Legal Blog

Thursday, November 08, 2012

A Curacao Trustee has a duty of care

A duty of care is justified in those cases where someone entrusts his financial or other interests to another or takes care of these himself with the assistance of the other, particularly because that other possesses more knowledge and experience in that field.

The law formulates as a general standard that the Trustee is liable if he fails to exercise due care as a good Trustee unless he cannot be blamed for the failure (Section 3:143 subsection 1 Curacao Civil Code {‘CCC’}). This relates to a duty arising from the law. The extent of the duty of care is also determined by the fact that the Trustee is entrusted with the administration of assets and therefore that he has a position of trust (Section 3:135 subsection 1 CCC).

If there are multiple Trustees, they will each be jointly and severally liable (therefore for the whole). However, a Trustee who can prove that he cannot be blamed for the respective fact and also that he had not been negligent in taking measures to stave off the consequences of it, will not be liable (Section 3:143 subsection 2 CCC). In this connection a double standard must be complied with: not to be blamed for the fact and not having been negligent in taking measures. So it is not an option to do nothing while the other Trustee makes mistakes.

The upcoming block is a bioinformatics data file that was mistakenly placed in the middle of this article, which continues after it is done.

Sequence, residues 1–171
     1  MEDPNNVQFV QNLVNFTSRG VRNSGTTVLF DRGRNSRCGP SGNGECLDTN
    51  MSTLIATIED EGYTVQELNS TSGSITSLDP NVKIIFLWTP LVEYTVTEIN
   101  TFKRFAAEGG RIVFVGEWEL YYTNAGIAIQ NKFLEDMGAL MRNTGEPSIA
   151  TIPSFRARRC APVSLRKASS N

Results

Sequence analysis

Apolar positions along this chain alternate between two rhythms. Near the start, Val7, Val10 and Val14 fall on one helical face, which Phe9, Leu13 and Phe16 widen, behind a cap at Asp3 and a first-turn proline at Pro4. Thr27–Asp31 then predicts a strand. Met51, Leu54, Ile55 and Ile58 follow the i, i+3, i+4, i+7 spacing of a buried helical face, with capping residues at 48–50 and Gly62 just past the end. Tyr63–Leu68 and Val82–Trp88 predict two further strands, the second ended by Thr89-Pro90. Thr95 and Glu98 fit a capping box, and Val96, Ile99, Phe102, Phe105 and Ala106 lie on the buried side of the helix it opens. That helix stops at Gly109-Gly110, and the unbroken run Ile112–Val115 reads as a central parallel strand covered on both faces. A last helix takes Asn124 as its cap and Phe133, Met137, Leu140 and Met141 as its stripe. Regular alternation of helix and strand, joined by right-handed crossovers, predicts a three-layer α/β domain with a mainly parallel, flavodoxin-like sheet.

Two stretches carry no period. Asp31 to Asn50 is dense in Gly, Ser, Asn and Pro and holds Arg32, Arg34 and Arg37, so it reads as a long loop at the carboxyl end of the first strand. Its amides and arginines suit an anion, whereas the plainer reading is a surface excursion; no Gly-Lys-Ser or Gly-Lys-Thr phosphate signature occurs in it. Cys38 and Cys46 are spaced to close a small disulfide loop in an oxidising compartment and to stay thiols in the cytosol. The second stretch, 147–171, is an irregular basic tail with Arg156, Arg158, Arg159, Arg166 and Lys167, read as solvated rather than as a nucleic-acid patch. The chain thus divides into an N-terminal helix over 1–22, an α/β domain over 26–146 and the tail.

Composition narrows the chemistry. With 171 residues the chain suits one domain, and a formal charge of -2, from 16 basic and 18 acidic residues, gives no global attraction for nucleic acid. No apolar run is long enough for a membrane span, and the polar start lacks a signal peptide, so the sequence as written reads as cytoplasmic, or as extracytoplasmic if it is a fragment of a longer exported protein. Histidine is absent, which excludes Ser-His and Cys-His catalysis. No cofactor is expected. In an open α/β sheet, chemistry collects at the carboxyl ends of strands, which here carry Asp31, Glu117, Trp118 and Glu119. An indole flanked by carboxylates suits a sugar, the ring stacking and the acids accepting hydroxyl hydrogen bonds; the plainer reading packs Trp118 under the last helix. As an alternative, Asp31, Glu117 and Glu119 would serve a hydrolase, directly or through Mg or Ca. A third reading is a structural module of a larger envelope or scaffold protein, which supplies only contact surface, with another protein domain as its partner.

Liability for losses as a result of the Trustee's intention or conscious recklessness cannot either be limited, or excluded in the trust deed, nor in any other way (Section 3:143 subsection 3 CCC). Any Trustee willfully inflicting damage or accepting the avoidable risk of damage occurring, will be liable and this liability cannot be limited or excluded either. Liability for loss which is not a consequence of conscious recklessness or intention can in principle be limited or excluded. It is obvious that such an exoneration provision should be included in the trust deed, though it is not necessary.

Filed under: Finance by Karel Frielink.

 

 


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